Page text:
Guest Blog – Mollusc of the Glen – by Peter Cosgrove

Peter Cosgrove’s passion for pearl mussels began in 1996. He carried out the first national pearl mussel survey and in one of those wonderful moments of happenstance, submitted his final report which recommended full legal protection during a periodic review of the Wildlife and Countryside Act.  It had the desired effect and the law was changed in 1998 and Peter always highlights this to those cynics who think our conservation efforts are pointless and make little or no difference. Since then Peter has spent hundreds of days in more than a thousand Scottish rivers and burns surveying for pearl mussels.

Mark has kindly asked me to write a guest editorial on an issue close to my heart after reading his blog on wildlife crime.  For 17 years I have worked on an obscure, and important species called the freshwater pearl mussel.  It was once very numerous but is now globally threatened and a high proportion of world’s remaining populations are found in the Britain.  It is currently in very serious trouble.

The Roman biographer Suetonius, after speaking of the admiration which Julius Caesar had for pearls, stated that their occurrence in Britain was an important factor for inducing the first Roman invasion of Britain in 55BC.  Given the profound effect this subsequently had on Britain I can’t help but think of misquoting John Cleese and Monty Python with ‘what did the pearl mussels ever do for us’ line.  The species also has a fascinating symbiotic relationship with our native Atlantic salmon and sea/brown trout, which carry the tiny microscopic mussel larvae on their gills as they migrate up and down our rivers.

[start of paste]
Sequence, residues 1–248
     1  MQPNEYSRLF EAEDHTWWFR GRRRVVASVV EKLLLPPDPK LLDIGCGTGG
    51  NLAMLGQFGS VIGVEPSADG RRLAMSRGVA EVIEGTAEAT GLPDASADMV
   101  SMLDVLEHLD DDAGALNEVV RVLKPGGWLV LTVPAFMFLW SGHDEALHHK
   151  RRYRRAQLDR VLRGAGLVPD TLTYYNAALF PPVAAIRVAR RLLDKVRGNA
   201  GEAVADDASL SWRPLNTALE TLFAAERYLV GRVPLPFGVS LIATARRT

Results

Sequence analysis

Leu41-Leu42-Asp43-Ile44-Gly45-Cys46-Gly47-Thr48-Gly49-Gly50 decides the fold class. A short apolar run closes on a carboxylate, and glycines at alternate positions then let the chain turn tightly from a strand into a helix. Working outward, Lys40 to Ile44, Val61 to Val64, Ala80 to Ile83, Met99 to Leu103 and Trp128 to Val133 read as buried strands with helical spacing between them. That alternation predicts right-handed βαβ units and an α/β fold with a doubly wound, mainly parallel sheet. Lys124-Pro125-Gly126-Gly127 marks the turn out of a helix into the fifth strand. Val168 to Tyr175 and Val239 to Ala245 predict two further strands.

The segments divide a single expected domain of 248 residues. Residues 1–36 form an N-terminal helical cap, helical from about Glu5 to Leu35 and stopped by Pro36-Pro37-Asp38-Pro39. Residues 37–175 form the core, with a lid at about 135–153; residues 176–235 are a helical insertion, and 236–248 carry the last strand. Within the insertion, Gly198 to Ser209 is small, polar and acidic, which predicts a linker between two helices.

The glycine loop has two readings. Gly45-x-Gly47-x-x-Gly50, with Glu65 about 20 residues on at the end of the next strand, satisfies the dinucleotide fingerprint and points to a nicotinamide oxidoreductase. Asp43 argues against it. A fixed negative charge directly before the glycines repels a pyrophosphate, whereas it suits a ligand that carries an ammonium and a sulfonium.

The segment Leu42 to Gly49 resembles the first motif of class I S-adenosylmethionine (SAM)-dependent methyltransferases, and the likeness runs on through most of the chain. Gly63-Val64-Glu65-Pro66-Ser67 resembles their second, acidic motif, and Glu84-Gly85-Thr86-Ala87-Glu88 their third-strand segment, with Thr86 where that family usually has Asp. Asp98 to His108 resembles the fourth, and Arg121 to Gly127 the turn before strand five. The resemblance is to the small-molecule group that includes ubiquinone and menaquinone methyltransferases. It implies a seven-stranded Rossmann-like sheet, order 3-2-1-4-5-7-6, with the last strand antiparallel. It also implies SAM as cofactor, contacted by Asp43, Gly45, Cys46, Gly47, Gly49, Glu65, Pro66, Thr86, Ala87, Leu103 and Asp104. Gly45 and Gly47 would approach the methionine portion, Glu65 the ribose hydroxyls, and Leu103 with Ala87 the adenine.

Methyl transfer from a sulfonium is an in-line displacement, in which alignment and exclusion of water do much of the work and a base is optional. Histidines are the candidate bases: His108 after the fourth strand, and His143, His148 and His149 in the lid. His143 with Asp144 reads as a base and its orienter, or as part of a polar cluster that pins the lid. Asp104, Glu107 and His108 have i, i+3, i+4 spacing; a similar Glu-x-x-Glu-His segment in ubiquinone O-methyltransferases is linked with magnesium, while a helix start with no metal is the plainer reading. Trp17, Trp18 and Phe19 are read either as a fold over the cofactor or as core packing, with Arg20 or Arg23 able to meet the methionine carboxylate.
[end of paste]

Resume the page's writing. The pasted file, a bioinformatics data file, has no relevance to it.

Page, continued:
Freshwater pearl mussels live on the beds of fast-flowing, unpolluted rivers and subsist by inhaling and filtering the minute organic particles on which they feed (each mussel filters ca. 50 litres of water a day).  Where naturally abundant (and many of our rivers used to have millions of them), this filtration acts to clarify the water to the benefit of other species such as salmon and trout, especially around their spawning and nursery areas.  When left alone they can live in excess of 120 years.  They are one of those keystone species, which ecologists get excited about.  I have often wondered which British species have had the greatest impact on us Britons (rather than everyone, like say the earthworm) and I think that Margaritifera margaritifera would ‘medal’ if it came to a contest.  An idea for Spring Watch perhaps?

Pearl mussels are now fully protected and thanks to recent awareness raising efforts, more people now know about this species than previously.  However, not everyone is enlightened and some people actively seek to destroy the last of this species.  In an attempt to highlight this threat, I have written an article with colleagues on wildlife crime and pearl mussels in this month’s British Wildlife magazine.  Most people know of tiger and rhino poachers and those custodians of the countryside who hate raptors, but few know of the illegal pearl fishers who kill thousands of mussels every year in Scotland in an attempt to find an illusive pearl.

Illegal damage to pearl mussels has been recorded every year since the species was fully protected in 1998.  Indeed the National Wildlife Crime Unit has recorded at least 10 incidents of criminal damage, or suspected criminal damage, every year since then.  However, it is believed the real annual number could be as high as 30.  These incidents have been recorded across the Scottish mainland, from Dumfries and Galloway to Sutherland and several in the Hebrides.